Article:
Every week, a new study comes out that speaks to the complexity of modern marketing. Today’s marketers are tasked with greater responsibilities across a wider range of disciplines, and an always-on mentality makes it even harder to find time for self-education.
At my last marketing job, my responsibilities included, or I was required to have input on, community management, traditional PR, organic and paid social influencer campaigns, SEO, SEM, mobile and e-mail marketing, analytics, social network advertising and many more I’m already forgetting. And I am sure my job was not unique in this regard.
The Hub’s sister brands, such as PRWeek, routinely discuss how agencies are branching out beyond their core capabilities to grab more market share. And while they often bring in more resources specific to those categories, it’s often up to existing employees to ramp up business to the point where they can hire externally.
So how does one get up to speed during the limited time a marketer has?
1) Webinars. Many vendors and indeed media companies (hint: The Hub) host a number of webinars/webcasts/web presentations that take on topics both granular and vast. Carefully searching makes it easy to find the appropriate intro or advanced course, depending on your specific knowledge level for any given topic.
2) Information trading. Whether within your company or the network you’ve hopefully created in your occupational life, you likely have a skill you can trade to someone for their own expertise on a topic that has suddenly become more important to your job. These mutually beneficial trades don’t even have to be completely marketing- related; witness the beauty of Brazilian teens learning English by speaking to the American elderly.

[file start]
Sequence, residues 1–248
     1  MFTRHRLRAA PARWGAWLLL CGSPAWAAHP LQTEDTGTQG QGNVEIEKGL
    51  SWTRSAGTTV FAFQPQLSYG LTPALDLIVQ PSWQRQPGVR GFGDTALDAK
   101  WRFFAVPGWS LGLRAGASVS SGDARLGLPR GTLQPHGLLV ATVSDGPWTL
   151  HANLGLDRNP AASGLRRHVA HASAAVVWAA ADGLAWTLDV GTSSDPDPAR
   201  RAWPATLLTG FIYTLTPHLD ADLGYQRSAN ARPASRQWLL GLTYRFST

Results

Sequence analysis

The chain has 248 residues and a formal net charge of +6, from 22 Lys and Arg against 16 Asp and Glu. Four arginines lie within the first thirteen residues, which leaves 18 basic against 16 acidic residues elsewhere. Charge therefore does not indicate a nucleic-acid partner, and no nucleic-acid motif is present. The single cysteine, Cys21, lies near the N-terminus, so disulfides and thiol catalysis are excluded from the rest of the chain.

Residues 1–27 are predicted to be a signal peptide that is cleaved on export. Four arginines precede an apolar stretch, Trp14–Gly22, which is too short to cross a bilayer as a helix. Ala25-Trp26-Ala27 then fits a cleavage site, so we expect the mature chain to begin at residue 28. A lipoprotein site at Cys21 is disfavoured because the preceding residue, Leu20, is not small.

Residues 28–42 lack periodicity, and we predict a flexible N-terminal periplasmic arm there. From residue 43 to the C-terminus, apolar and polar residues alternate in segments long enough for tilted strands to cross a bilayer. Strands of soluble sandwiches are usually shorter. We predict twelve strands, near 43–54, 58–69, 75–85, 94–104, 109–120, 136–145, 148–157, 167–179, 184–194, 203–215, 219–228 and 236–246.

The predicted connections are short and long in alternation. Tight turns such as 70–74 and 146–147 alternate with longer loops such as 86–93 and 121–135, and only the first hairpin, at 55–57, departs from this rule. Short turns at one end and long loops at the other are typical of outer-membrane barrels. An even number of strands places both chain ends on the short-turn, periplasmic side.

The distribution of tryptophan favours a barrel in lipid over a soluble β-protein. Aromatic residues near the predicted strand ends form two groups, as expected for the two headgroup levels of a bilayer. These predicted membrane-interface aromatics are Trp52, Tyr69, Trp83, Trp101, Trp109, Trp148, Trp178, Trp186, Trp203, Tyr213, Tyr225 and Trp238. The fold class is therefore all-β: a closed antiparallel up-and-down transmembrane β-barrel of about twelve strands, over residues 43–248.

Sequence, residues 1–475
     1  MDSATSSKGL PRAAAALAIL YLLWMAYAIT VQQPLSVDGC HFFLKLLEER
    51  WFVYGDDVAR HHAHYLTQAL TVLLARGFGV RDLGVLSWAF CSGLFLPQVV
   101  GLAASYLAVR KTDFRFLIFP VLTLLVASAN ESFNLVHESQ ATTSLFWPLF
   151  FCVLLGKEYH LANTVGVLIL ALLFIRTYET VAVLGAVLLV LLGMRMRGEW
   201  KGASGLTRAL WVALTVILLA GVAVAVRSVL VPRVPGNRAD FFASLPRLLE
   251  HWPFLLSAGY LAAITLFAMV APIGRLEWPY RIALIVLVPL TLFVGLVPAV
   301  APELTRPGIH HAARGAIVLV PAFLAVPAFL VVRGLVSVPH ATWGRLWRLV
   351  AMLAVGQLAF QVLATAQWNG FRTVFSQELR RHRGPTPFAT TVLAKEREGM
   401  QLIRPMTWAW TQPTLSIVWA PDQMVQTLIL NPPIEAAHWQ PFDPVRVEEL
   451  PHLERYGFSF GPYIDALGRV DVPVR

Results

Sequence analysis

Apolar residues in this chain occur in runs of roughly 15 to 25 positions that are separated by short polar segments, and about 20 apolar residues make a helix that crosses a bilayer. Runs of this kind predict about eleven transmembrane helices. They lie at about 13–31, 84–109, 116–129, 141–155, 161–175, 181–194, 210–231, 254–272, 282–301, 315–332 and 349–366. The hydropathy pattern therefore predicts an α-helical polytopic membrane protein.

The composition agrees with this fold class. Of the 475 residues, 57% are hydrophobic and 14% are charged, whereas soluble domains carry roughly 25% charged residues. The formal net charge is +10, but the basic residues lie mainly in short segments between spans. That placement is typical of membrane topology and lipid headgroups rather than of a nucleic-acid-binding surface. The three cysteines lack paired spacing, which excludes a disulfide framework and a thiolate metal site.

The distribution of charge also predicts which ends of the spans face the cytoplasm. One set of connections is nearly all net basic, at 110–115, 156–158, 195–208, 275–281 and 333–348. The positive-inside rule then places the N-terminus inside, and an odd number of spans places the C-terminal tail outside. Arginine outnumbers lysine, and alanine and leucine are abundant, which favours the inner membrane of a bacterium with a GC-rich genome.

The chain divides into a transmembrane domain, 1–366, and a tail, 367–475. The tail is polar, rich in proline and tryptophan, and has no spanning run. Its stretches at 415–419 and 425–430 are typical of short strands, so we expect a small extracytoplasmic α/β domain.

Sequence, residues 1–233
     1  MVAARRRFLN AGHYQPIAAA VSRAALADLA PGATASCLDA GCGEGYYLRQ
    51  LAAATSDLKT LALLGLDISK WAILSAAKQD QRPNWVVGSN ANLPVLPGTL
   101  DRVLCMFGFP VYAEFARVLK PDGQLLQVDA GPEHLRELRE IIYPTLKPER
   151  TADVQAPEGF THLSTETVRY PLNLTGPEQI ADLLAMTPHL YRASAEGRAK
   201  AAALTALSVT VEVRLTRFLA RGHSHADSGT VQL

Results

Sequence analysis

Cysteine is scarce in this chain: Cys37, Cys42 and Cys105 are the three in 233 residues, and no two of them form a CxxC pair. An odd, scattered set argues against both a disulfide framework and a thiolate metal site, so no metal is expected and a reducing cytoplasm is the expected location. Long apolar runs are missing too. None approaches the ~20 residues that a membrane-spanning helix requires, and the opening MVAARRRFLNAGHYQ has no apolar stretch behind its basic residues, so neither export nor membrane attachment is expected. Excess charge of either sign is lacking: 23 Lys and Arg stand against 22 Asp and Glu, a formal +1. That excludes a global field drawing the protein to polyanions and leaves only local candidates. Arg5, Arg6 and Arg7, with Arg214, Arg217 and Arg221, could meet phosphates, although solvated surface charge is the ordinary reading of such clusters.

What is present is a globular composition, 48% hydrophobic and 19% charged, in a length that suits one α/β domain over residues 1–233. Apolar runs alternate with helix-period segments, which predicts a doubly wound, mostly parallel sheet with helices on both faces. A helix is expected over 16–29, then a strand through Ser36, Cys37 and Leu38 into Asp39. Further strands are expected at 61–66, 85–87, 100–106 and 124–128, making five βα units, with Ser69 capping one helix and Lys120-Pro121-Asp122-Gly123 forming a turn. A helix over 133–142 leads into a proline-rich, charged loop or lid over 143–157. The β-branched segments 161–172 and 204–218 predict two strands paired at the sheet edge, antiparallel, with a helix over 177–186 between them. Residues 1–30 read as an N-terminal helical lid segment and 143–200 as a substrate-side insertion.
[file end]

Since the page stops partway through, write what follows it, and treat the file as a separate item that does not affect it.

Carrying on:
3) Make a proposal for better training for your company/agency. It’s likely that your department or organization has a training budget that may be underutilized. Draft an incisive, detailed plan for how you would get the entire department educated on a specific topic. Do the research to ensure costs are in line with reality. And do your best to identify exactly how this will benefit the organization, either through cost savings or revenue increases.
4) Ride shotgun. If you’re being asked to understand a new technology or discipline, see if anyone else in your organization is currently handling such processes. Ask if you could shadow his or her team to learn first-hand.
5) Do it yourself! For many of the new marketing technologies out there, you could conceivably create a campaign on a small scale for yourself or someone you know. Maybe one of your friends or family members is trying to get a small condiment business off of the ground. Try an e-mail marketing campaign for them. The best experience comes from real-world situations.
I’m sure there are many more ways to learn marketing on the fly. Let us know in the comments or on social media.